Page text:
Word of the Year Dictionary

This Sunday, Dec. 1, 2019, photo shows the word "existential" in a dictionary in the Brooklyn borough of New York. Dictionary.com picked “existential” as the word of the year. The choice reflects months of high-stakes threats and crises, real and pondered, across the news, the world and throughout 2019. 

Fancy words go in and out of fashion, positing an existential temptation to overuse them like salt.

The late 1990s gave us “literally.” People literally used “literally” to emphasize almost any point — even one no reader or listener could mistake as a figurative gesture.

Phrases like “the traffic made me late” became “the traffic literally made me late.” National Public Radio hosted linguists to discuss abuse of the word. Nearly 20 years after “literally” misuse was modish, NPR’s “All Things Considered” featured the owner of a New York bar, The Continental, for banning “literally” as "the most overused, annoying word in the English language.”

Dictionary publishers keep track of fashionable words and designate an annual “word of the year.” Some are phrases, such as the 2016 selection of “dumpster fire.” It seemed one could sum up every bad idea, failed plan, or soured relationship as a “dumpster fire.” I.e., “Those two should not get married. They're a dumpster fire!”

Webster’s chose “they” in 2015, as sloppy use of the plural pronoun became common as a gender-neutral reference to singular subjects. “If a person is accused, they are assumed innocent.” Never mind the option of “a person accused is assumed innocent,” and other easy escapes from the mangled use and redefinition of “they.” What a dumpster fire!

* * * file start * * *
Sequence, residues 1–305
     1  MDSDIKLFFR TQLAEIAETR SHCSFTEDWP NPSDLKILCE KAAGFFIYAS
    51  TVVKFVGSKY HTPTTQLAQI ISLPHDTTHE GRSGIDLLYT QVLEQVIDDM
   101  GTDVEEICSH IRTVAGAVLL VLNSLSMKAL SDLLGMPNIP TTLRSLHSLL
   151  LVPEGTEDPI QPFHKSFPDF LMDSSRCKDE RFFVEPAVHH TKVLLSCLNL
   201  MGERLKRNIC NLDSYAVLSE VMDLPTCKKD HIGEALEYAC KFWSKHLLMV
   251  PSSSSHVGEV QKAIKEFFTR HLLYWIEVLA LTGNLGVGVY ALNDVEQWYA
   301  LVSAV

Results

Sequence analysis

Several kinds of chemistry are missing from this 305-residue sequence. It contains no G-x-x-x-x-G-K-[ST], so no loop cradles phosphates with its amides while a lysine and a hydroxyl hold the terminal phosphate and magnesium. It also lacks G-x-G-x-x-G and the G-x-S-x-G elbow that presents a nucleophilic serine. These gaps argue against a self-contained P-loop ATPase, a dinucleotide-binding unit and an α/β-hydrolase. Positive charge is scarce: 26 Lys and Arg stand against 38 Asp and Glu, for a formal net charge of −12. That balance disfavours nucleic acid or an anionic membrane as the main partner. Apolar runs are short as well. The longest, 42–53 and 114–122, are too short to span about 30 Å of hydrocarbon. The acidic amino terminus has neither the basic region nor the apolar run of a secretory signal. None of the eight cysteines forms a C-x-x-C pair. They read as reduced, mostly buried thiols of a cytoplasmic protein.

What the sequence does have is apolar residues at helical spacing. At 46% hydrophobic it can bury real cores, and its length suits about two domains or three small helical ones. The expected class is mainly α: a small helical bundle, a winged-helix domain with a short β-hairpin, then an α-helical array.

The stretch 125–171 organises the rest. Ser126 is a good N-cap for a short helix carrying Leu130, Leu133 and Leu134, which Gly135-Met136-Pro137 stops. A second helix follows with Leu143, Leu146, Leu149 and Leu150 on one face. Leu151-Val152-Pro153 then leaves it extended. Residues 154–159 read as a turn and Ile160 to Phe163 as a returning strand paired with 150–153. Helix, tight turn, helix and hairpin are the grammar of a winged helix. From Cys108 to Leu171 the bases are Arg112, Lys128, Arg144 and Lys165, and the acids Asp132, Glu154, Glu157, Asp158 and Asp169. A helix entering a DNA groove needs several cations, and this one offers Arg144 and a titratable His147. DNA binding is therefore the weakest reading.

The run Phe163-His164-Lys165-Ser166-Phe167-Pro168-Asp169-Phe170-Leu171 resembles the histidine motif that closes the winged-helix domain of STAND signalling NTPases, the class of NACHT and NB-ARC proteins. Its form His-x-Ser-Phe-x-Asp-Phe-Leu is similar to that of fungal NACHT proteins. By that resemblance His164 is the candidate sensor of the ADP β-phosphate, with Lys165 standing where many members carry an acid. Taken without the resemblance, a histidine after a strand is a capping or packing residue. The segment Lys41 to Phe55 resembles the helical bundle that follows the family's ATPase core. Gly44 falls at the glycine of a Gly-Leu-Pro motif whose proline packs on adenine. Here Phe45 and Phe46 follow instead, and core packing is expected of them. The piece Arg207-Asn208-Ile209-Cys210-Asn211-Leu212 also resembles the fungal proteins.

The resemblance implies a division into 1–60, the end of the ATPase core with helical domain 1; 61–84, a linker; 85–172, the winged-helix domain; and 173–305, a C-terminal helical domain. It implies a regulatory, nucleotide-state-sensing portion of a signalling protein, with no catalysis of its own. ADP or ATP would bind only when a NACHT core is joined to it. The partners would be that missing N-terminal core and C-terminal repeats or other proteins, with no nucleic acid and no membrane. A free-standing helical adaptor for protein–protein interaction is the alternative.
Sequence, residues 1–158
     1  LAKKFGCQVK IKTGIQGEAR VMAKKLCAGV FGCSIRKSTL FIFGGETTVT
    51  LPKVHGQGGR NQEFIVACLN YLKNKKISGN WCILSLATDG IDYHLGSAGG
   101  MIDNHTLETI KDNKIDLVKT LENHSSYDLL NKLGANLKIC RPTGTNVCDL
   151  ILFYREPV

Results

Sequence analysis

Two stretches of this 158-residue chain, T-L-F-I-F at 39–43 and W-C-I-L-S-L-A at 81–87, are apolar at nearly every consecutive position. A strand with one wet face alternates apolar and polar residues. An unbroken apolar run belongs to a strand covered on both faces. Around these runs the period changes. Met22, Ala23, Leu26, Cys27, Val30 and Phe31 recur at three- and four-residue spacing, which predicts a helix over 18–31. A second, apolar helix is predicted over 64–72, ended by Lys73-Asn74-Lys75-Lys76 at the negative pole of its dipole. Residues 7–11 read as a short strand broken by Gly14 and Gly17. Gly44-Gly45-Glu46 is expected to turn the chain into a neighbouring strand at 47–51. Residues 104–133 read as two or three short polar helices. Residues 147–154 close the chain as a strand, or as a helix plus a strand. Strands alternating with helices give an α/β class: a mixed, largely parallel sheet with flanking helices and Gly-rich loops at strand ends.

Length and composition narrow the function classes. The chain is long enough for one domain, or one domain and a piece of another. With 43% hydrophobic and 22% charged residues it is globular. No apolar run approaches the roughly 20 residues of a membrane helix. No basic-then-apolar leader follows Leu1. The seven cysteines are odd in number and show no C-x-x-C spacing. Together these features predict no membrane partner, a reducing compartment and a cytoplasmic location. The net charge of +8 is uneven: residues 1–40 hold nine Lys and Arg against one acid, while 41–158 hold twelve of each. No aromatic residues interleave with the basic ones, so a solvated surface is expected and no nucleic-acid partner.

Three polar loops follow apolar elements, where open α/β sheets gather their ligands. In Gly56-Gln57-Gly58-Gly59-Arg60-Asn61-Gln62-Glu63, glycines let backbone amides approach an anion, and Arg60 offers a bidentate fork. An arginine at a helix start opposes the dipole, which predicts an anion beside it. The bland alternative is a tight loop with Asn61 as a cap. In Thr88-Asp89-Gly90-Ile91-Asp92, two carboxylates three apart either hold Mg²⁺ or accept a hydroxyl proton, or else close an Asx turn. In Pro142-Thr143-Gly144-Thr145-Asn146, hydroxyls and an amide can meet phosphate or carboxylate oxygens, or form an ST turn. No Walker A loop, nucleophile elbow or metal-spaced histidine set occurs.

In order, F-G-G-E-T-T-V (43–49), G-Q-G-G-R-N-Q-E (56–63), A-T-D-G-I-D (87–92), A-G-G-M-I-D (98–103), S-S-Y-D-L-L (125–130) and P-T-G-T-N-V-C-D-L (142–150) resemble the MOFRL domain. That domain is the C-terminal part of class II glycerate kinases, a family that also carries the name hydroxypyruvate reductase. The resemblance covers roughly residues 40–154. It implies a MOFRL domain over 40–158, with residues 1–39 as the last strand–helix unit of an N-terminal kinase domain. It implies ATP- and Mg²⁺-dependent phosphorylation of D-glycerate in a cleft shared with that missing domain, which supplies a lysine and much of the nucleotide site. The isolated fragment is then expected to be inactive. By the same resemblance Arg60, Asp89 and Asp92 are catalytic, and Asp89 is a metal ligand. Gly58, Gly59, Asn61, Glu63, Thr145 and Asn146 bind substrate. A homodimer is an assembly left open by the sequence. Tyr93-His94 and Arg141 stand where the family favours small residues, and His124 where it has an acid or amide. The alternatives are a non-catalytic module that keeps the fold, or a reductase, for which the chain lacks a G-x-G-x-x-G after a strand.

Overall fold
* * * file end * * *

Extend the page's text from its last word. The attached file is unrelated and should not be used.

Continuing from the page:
“Existential” is the “dumpster fire” of 2019. Like, literally. Dictionary.com on Monday announced “existential” as the word of the year.

Nothing is merely threatening, or disdainful, or imminent in 2019. Anything worth complaining about has become a problem of “existential” proportion. It has devolved into a common way to exaggerate. Global warming is not a threat to the survival of humanity. It is somehow more than that. It is an “existential” threat to survival.

Former Vice President Joe Biden helped popularize the term by emphasizing his dislike for President Donald Trump.

“I believe that the president is literally an existential threat to America,” Biden said during an Iowa stump speech in June.

Then came Swedish teen activist Greta Thunberg. She literally did more to popularize “existential” than did the former vice president.

"I think we need to inform them and start treating the crisis like the existential threat it is,” Thunberg said this summer during a congressional hearing.

If we are threatened, it goes without saying the threat is existential. Much like a toaster, it exists.

If global warming threatens survival, the threat is of “existential” nature. The nuanced philosophical term has become a common redundancy used like an exclamation point.

An Associated Press story about our word of the year says “Climate change, gun violence, the very nature of democracy and an angsty little movie star called Forky helped propel 'existential’ to Dictionary.com’s word of the year.”

Forky is a toy in the movie Toy Story 4, made of a pipe cleaner, plastic “spork” and a Popsicle stick. The toy raises questions about the meaning of existence. Forky has reason to wax “existential”; Biden, Thunberg and other alarmists… not so much.

In a perfect world, the year 2020 would pose an existential threat to the careless use of “existential” and the apocalyptic drama it promotes. With its word of the year status, we should leave “existential” to exist existentially as the dumpster fire relic of an oddly hyperbolic era-gone-by. Literally.

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